Monday 31 December 2012

A wet but fascinating walk

Is Christmas safely over?
This post is abuse of the moths blog since no moths feature in it, but I wanted to share my picture of an inquisitive goose. It saw Penny, myself and Olly off from the very fine Sun Inn in the Washburn valley on a soggy walk to Beaver Dyke reservoir and John O'Gaunt's castle.

This is a lasso-shaped route round a little bit of Yorkshire which I have never explored before, although I have been to the Sun Inn many times. We all agreed that a return in warmer weather was essential, to check out the pretty upper valley of the Oak beck and solve the mystery of the Harrogate Waterworks metal hatch

This has separate bits labelled 'Mild Sulphur' and 'Strong Sulphur' - see second picture below - but my Googling has so far failed to ascertain why. I don't think that the town's famous sulphur springs spread this far so maybe the fresh Pennine water from Beaver Dyke, filtered through the local sandstone, is used to dilute the foul stuff at the actual spa. The search will go on.

We really want to explore the fragmentary but intriguing remains of John O'Gaunt's castle too, a place where King Edward I stayed and presumably gazed like us on the driving mediaeval rain. It was so wet and cold and the ground so sopping that we didn't even battle across to look at the noticeboard which you can maybe make out in the third picture on a stumpy wall to the left of the barn and below a shadowy wind turbine.

The weather looks a lot nicer in the picture than it was but, thank goodness, it stopped raining on the final leg back to the pub where a really nice Dad, who got engaged to his wife at the castle, gave us his table by the blazing fire.

Saturday 29 December 2012

Joys in store

It was so warm last night, in spite of our sopping Christmas weather, that I put the trap out for the first time in ages. Result? Nix, but then it had started getting wet again in the small hours which may have grounded any venturesome moths which had been on the wing earlier.

I can offer you this photo of another and very dramatic flyer, though: a Red Kite over our garden; only the second I've seen here, though they are advancing in all directions from their reintroduction centre at Harewood about six miles away. Some have been seen over the centre of Leeds where in mediaeval times they were familiar scavengers. Sorry it's rather a sketchy image; I cropped it from my original 'phone pic on which it was but a speck.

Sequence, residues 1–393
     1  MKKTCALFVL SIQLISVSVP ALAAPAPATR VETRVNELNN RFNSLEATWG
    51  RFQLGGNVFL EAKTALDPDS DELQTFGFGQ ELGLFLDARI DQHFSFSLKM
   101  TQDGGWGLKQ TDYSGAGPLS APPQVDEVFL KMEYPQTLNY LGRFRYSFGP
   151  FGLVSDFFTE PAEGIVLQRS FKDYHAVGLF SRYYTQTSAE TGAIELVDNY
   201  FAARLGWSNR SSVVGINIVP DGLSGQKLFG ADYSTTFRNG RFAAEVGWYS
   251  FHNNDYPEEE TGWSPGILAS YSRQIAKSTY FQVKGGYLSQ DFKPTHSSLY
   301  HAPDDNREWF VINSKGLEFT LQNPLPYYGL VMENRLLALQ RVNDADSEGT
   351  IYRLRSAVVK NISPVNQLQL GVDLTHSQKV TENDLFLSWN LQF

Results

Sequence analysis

Also, for any moths which may be reading, look at your new overnight resting place in the coming year: a 'Bronte Brown' eggbox. I keep an informal tally of things named after the famous literary sisters, which ranges from sunbeds to ice cream.

The eggs weren't that brown, but half-a-dozen we got from the hens at Botton village near Danby on the edge of the North York Moors really are. They are a present from my lovely cousin Catherine who works there and came to our family party two days ago. As you can see, they are extra excellent because they were laid on The Day.

Sunday 23 December 2012

Merry Christmas from me and the moths

I briefly thought we had a Christmas miracle here. We were moving furniture to put up the Christmas tree in its usual place and under an armchair, we found a little Winter Moth in the take-off position.

Its body was arched, legs on the carpet and wings angled back, for all the world like a jet plane quivering on the back of an aircraft carrier. Given that Winter Moths can take half an hour to get going in cold conditions, I imagined that it was just nicely warmed up and ready to fly. But alas. No movement, and when I touched it gently with my finger, it toppled over. Long dead.

I have given it a posthumous Santa hat in one photo and a sprig of holly in the other, to wish you the merriest Christmas - from the Beyond, in the moth's case, and from the Here and Now in mine. And all the warmest wishes for the coming year.

Doesn't our carpet look nice in the second photo?  And aren't my Photoshop skills coming along? Watch out in April...

Wednesday 5 December 2012

Safe haven?

When you have a general clear-up and sort-out in the winter months, as we are doing, you are almost certain to come across a hibernating butterfly somewhere in the house. Sometimes it will be a Small Tortoiseshell but more commonly a Peacock. It will be very hard indeed to wake, so you can study it at leisure, although the wings are normally tightly-folded and the beautiful colours hidden.

The habit accounts for the sudden appearance of butterflies during warm winter spells which in turn has led to stories and legends of their significance. The opening run of a play, with the ideal hibernating place of the theatre curtains suddenly disturbed, is a well-known example, supposedly boding well for the show.

I don't want to try to be too scientific, for fear of spoiling such notions; but finding this Peacock in the picture, tucked deep inside a storage shelf, has set me wondering about predation, especially by mice - whose droppings were nearby as you can see - or spiders, which had built webs over the very front of the shelf. Sure enough, if you type 'hibernating butterflies' and 'predators' into Google, all manner of fascinating papers on this subject are to be found.

I have only just started reading them; and have yet to type 'spiders' in as well. But already I have learned that flicking the wings with a hissing sound, which Peacocks can do, may have evolved as a winter defence.  Happy research, if the subject interests you. What curiosity one slumbering insect can inspire...